SibFU team at the Jessup competition - 2021

The Philip C. Jessup International Law Moot Court Competition is an advocacy competition for law students. It is a simulation of a fictional dispute between countries before the International Court of Justice, the judicial organ of the United Nations. Teams of law students compete against one another through the presentation of oral and written pleadings to address timely issues of public international law in the context of a hypothetical legal dispute between nations.

This year Jessup was the largest online gathering of international law students in history with more than 600 teams from over 100 countries and jurisdictions. In light of the ongoing COVID-19 pandemic, it was decided to change the format and structure of the competition for this Jessup Season. Held during March and April 2021, the Global Rounds encompass the well-loved Jessup spirit of competition, education, and connection, but in an online format. The five-week-long schedule of events is filled with competitive online matches, professional panel discussions and interviews, and live virtual social events.

This year Jessup problem concerned the following issues:

The first one concerns a global pandemic in conjunction with the obligations and responses of States in relation to the outbreak. The main problem involved was the legality of one State closing its borders while the economy of another one is strongly connected with the tourism industry and damaged as a result of such entry restrictions.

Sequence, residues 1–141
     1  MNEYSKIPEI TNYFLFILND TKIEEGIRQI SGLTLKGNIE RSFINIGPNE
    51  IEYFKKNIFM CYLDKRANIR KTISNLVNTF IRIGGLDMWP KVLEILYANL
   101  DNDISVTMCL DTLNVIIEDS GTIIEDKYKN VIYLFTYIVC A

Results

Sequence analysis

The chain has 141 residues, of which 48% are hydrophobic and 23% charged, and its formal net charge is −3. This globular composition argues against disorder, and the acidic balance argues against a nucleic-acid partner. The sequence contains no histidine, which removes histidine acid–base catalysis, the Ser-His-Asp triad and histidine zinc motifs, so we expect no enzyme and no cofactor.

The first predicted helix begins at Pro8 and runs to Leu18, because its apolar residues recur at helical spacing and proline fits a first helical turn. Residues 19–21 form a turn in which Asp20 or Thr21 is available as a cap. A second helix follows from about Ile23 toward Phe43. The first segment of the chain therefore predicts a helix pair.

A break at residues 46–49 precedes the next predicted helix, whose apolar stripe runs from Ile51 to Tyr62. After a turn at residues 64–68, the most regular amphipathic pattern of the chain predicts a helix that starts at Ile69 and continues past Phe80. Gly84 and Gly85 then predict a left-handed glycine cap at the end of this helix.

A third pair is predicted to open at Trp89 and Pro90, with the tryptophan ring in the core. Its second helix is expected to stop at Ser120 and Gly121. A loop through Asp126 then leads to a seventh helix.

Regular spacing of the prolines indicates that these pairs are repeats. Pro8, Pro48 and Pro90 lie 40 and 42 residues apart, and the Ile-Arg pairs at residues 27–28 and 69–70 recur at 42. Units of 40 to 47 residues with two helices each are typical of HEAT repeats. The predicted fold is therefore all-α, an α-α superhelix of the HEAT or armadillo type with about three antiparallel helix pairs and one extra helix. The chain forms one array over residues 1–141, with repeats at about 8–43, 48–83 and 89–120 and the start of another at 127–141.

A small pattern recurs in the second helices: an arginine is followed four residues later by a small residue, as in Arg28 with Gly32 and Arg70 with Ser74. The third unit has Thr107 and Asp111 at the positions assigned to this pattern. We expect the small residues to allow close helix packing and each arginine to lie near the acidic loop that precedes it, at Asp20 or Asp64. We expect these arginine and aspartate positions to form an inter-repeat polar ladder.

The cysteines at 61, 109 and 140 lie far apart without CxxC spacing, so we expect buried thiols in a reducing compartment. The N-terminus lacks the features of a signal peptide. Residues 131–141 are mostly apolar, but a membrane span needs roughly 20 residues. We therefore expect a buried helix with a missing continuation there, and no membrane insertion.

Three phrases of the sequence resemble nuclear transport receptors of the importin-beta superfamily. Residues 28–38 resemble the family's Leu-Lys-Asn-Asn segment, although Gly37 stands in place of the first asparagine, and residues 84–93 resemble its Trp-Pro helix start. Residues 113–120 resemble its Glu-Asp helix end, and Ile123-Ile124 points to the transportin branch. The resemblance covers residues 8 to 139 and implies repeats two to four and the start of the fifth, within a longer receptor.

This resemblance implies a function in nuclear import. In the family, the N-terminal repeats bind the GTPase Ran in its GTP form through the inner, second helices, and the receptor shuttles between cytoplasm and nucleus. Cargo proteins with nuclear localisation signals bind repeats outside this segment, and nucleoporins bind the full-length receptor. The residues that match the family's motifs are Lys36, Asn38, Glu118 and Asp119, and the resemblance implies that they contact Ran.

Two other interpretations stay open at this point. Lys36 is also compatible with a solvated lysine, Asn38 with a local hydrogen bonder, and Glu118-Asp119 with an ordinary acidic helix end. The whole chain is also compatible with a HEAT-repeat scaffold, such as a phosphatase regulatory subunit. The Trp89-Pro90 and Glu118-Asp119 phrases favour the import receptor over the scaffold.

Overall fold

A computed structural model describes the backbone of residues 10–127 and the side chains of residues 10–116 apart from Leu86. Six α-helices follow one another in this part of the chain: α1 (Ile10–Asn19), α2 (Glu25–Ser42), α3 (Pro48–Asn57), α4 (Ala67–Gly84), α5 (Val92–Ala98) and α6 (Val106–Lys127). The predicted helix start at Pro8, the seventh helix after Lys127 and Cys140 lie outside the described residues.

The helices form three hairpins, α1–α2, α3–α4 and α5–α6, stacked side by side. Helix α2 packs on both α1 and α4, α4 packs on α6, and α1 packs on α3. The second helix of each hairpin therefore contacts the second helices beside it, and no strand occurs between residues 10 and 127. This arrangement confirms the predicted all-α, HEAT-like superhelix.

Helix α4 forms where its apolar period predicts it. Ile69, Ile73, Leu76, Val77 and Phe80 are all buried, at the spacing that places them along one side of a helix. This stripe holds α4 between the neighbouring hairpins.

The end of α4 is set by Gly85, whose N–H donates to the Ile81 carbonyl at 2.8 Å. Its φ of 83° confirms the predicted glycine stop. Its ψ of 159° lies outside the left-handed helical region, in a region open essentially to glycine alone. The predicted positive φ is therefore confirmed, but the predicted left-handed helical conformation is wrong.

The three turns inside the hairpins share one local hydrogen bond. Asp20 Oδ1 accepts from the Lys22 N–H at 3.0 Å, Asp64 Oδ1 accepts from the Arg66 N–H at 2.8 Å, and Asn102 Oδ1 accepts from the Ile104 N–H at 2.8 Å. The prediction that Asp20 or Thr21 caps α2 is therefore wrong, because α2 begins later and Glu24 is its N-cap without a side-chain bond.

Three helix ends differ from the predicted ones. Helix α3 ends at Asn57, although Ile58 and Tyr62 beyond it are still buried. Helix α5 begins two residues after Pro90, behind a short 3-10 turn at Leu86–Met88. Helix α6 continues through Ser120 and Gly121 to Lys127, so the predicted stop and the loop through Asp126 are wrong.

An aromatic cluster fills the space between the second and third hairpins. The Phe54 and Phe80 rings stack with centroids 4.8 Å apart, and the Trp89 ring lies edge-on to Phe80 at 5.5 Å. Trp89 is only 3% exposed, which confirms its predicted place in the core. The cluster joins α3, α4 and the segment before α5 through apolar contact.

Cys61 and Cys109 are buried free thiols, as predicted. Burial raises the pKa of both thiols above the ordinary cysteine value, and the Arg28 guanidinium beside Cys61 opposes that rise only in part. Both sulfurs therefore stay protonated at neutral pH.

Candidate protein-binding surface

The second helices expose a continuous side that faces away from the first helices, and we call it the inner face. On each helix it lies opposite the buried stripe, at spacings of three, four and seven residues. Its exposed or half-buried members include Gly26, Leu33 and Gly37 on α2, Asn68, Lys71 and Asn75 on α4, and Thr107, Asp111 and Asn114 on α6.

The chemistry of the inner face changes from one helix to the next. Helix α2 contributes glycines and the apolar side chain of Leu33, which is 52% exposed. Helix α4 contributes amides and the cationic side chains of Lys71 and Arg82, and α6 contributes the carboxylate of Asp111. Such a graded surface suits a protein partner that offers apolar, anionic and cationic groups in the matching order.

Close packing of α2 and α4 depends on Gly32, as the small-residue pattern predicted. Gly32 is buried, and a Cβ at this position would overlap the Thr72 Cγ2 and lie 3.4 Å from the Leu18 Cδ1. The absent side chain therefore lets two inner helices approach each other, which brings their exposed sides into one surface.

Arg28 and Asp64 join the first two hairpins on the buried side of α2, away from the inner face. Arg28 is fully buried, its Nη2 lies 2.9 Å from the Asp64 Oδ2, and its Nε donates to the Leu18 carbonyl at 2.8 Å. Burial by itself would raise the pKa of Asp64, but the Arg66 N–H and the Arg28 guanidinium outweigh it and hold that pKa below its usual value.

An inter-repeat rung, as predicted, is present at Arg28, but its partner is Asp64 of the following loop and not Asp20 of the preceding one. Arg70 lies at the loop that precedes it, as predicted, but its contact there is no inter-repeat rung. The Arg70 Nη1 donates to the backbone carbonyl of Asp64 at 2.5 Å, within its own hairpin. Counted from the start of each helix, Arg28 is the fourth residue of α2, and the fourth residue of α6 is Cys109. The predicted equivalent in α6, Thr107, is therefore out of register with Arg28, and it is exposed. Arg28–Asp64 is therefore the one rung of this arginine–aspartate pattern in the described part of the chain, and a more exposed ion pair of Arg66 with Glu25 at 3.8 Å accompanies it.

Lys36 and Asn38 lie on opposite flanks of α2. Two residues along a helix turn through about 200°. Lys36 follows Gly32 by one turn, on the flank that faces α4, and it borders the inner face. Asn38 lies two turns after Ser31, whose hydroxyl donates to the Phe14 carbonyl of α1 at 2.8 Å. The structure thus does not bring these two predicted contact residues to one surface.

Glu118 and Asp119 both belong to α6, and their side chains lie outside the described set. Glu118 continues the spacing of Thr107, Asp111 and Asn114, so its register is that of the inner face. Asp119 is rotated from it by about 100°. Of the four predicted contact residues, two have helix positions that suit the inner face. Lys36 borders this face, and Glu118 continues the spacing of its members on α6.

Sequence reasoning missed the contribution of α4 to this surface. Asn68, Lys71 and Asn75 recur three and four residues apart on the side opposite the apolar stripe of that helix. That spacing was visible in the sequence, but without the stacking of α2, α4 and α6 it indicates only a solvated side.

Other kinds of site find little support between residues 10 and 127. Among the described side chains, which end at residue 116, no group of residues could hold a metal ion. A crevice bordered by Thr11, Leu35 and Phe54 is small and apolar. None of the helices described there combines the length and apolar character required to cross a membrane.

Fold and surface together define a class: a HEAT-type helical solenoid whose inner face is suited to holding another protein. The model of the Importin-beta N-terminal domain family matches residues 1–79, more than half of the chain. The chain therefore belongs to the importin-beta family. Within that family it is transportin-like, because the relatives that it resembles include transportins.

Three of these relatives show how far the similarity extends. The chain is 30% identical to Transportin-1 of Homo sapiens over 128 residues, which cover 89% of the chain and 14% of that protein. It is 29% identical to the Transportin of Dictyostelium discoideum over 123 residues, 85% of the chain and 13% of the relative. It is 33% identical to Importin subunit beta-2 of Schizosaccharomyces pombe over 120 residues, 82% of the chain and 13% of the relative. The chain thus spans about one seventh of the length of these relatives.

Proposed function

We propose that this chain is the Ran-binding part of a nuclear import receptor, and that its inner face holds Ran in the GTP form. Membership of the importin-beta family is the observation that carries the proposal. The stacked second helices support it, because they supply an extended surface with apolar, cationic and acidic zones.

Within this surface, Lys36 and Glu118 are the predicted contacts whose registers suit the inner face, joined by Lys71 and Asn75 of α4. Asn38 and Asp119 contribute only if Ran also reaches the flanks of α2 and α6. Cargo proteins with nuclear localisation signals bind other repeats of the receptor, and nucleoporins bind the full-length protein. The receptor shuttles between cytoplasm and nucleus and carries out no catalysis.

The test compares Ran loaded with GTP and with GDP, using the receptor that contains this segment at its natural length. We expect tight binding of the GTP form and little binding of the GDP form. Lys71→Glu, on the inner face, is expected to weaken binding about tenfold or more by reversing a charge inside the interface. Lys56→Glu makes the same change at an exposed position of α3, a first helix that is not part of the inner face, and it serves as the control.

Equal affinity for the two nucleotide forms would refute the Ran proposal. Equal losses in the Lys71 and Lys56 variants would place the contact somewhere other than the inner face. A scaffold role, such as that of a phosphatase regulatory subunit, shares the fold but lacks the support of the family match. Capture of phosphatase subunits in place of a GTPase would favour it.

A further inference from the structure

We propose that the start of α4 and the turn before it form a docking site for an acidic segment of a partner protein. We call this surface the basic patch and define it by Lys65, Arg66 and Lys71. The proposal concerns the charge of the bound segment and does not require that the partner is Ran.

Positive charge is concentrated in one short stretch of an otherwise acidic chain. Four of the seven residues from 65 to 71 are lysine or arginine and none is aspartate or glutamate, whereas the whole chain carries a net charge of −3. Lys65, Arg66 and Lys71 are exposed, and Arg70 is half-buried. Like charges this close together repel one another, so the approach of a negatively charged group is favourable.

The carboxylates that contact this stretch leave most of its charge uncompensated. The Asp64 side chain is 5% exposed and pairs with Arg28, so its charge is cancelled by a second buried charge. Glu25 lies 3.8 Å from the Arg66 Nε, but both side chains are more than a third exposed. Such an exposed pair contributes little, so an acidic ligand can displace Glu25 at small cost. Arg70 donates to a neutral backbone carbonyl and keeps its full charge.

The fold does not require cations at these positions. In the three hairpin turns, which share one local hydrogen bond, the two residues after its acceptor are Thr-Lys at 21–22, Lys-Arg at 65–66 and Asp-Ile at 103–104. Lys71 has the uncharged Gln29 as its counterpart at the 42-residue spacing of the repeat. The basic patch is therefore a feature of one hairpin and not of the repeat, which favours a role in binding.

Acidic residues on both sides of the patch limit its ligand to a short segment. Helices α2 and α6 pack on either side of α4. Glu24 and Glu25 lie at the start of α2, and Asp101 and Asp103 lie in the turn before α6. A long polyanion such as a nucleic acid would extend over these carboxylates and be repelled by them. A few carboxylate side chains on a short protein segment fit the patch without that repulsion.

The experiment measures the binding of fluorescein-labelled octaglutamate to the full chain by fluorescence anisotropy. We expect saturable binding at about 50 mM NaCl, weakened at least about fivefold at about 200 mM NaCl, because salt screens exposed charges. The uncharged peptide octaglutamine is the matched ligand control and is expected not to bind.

The second issue is a question of diplomatic asylum. Does a State have the right to grant diplomatic asylum to a person who has disclosed information of great importance to the whole world? This question was inspired by the cases of Julian Assange and Edward Snowden. During the competition, the team presented one position that diplomatic asylum is a part of customary law and another position that proves that diplomatic asylum has not received sufficient recognition in the world.

The jurisdiction of the International Court of Justice has also become an issue in the present case. Jessup participants have discussed States’ unilateral declarations and reservations to them.

The fourth issue considers the grounds of the use of force by States. Does a State have a right to use self-defense against non-state actors especially against terrorists? Is anticipatory self-defense widely accepted in international law and the practice of States? Is it possible to use force against civil aircraft in flight? All these questions exist in conjunction with the State’s positive obligations under human rights law. The team tried to find a balance between the use of force and the right to life.

Overall SibFU results in international rounds presented as:

-        Advanced team

-        103 place among 600 participating teams (2nd place among Russian teams)

-        128 place Memorial (2nd place Memorial in Russia)